The Non-Smoking Section

Laura and I started the day by taking the bus to her favorite coffee shop, a Jazz Bar/Coffee Shop with a tropical theme.  Not bad for -4 C outside.  The place was packed so Laura and I were forced to sit in the non-smoking section… which consisted of one table, shoved in a corner and covered under blankets.  I nearly hit the floor laughing.  It really represents the epitome of Romanian attitudes towards smoking.  You can smoke almost everywhere… and why not, a pack of smokes costs about $3.  It’s not that non-smokers are ostracized, it’s just that with so many smokers in this country, non-smokers are a quiet, contented, minority.  You can’t smoke on buses, trollies, or the metro, and there’s a massive building sized poster on Magheru Blvd encouraging people to quit smoking.  Cigarettes come with a warning and graphic images on the package.  People know its unhealthy… it’s just a huge part of the culture.

After working on a script for IJ for a few hours, Laura and I headed off to Plaza Romania, the 2nd largest mall in Europe.  It was a mall just like any other mall, and it was filled with franchises from all over the world.  I bought some more minutes for my Romanian Cell phone (6€) and then ate supper at Pizza Hut.  I didn’t use Ketchup, which Laura found mind boggling.  No one in Romania eats pizza without Ketchup.

Laura’s friend Irene was also at the mall.  She offered us a ride to the train station to pick up Vladimir, Laura’s friend.  On the way out my jaw dropped, ‘Holy shit, you have Starbucks!?’

Laura responded, ‘What? You think we just fell out of a tree here?’  Despite her sarcasm, she hadn’t actually ever had Starbucks.  I bought us all Grande Caramel Lattes ($18 total).  Laura never tasted anything like it.  Lattes everywhere else in Romania come in smaller quantities and taste great, but very different from Starbucks.  They’re a lower temperature and people drink them from a straw.  Can’t explain it, it’s just a fact.  After the train station, Laura and I took the Metro to Universitate, a square in front of the National Theatre.  There, Laura took me to a really cool, artsy, smokey bar on the top floor of the building called ‘The Milk Log’.  You could feel the ghosts of past productions still living in that space.  Bucharest is a city thick with really great spaces such as this.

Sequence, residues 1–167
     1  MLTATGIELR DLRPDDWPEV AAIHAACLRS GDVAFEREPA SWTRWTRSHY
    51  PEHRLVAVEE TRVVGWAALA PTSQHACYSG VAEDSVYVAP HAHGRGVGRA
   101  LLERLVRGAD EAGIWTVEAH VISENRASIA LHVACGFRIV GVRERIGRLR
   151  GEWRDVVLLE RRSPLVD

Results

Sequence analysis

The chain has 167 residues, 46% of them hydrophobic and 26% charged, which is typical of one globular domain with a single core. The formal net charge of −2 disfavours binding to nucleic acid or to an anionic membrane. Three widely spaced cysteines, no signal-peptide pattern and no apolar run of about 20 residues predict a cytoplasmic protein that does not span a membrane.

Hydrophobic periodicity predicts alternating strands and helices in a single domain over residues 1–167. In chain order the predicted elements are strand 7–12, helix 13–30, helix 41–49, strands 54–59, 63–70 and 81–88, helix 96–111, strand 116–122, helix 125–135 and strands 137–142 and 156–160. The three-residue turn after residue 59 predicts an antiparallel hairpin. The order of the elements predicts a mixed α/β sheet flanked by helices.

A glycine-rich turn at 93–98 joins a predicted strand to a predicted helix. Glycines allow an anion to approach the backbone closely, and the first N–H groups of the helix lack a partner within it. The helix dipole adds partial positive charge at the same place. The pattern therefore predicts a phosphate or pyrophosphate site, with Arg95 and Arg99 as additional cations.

Most of them are full of smokers.

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Time Bubble

I woke up yesterday morning to the sound of men shouting at each other in the street outside Laura’s window.  It sounded really intense, then I heard a series of gunshot bursts.  Holy Shit!  Is this really happening?

I crept up to the window, worried about getting hit by stray bullets.  As I peaked over the window ledge, it turned out to be four men dressed in traditional Romanian garb, cracking whips and shouting holiday greetings to the neighborhood.  Laura said this was a common occurrence in Bucharest at this time of year.

I’m living in a time bubble right now.  In fact, time has become completely meaningless to me.  The time on my computer tells me its yesterday evening, and the time on the wall tells me it’s 4am.  Yet I sit awake, doing my thing, and my body thinks it’s mid afternoon, except it’s completely dark outside my window.  I love this feeling.  I eat when I’m hungry, sleep when I’m tired, and wander when I’m aimless.  It feels like the world doesn’t even know I exist.  There’s no pressure to get anything done, no phone to ring, no deadlines to meet.  I could be a ghost.  I was thinking yesterday, as I wandered around downtown that if I got hit by a bus, the world wouldn’t even know for several weeks.  I’m not even carrying identification.  It feels so good to be invisible in a foreign land.

Everything is foreign to me.  Buying a coffee is an adventure.  I can’t read the signs.  Every time I round a corner, it’s a brand new discovery.  The sound of people talking is a kind of jibberish.  I have to really pay attention to understand what’s going on around me.  It’s so easy to unplug from the world in this place, yet at the same time, live so fully. I’ve never felt more alive.  Nothing is taken for granted and every little thing becomes significant.

I still get shit done.  I started work on a script a couple of days ago, and I wrote a press release for ‘InJustice’.  I did research on Romanian Television, the market share for each channel, and what their programming slate looks like.  I wandered into the National Council for Cinematography yesterday, trying to set up a meeting, but everyone is off for the holiday season.  Laura and I are going to drop in on the University of Theatre and Film to see if we can talk to anyone about the lay of the land.

The last time I was in Romania, it was an eye popping, life changing adventure.  This time I feel like I have a different agenda.  I am living as a local.  I’m staying at Laura’s place.  I cooked breakfast yesterday.  I learned enough Romanian to buy bus tickets, and I use public transportation.  I plan to live in Bucharest for extended periods of time while I write and research.  To this end, I’ll looking into the ins and outs of renting an apartment.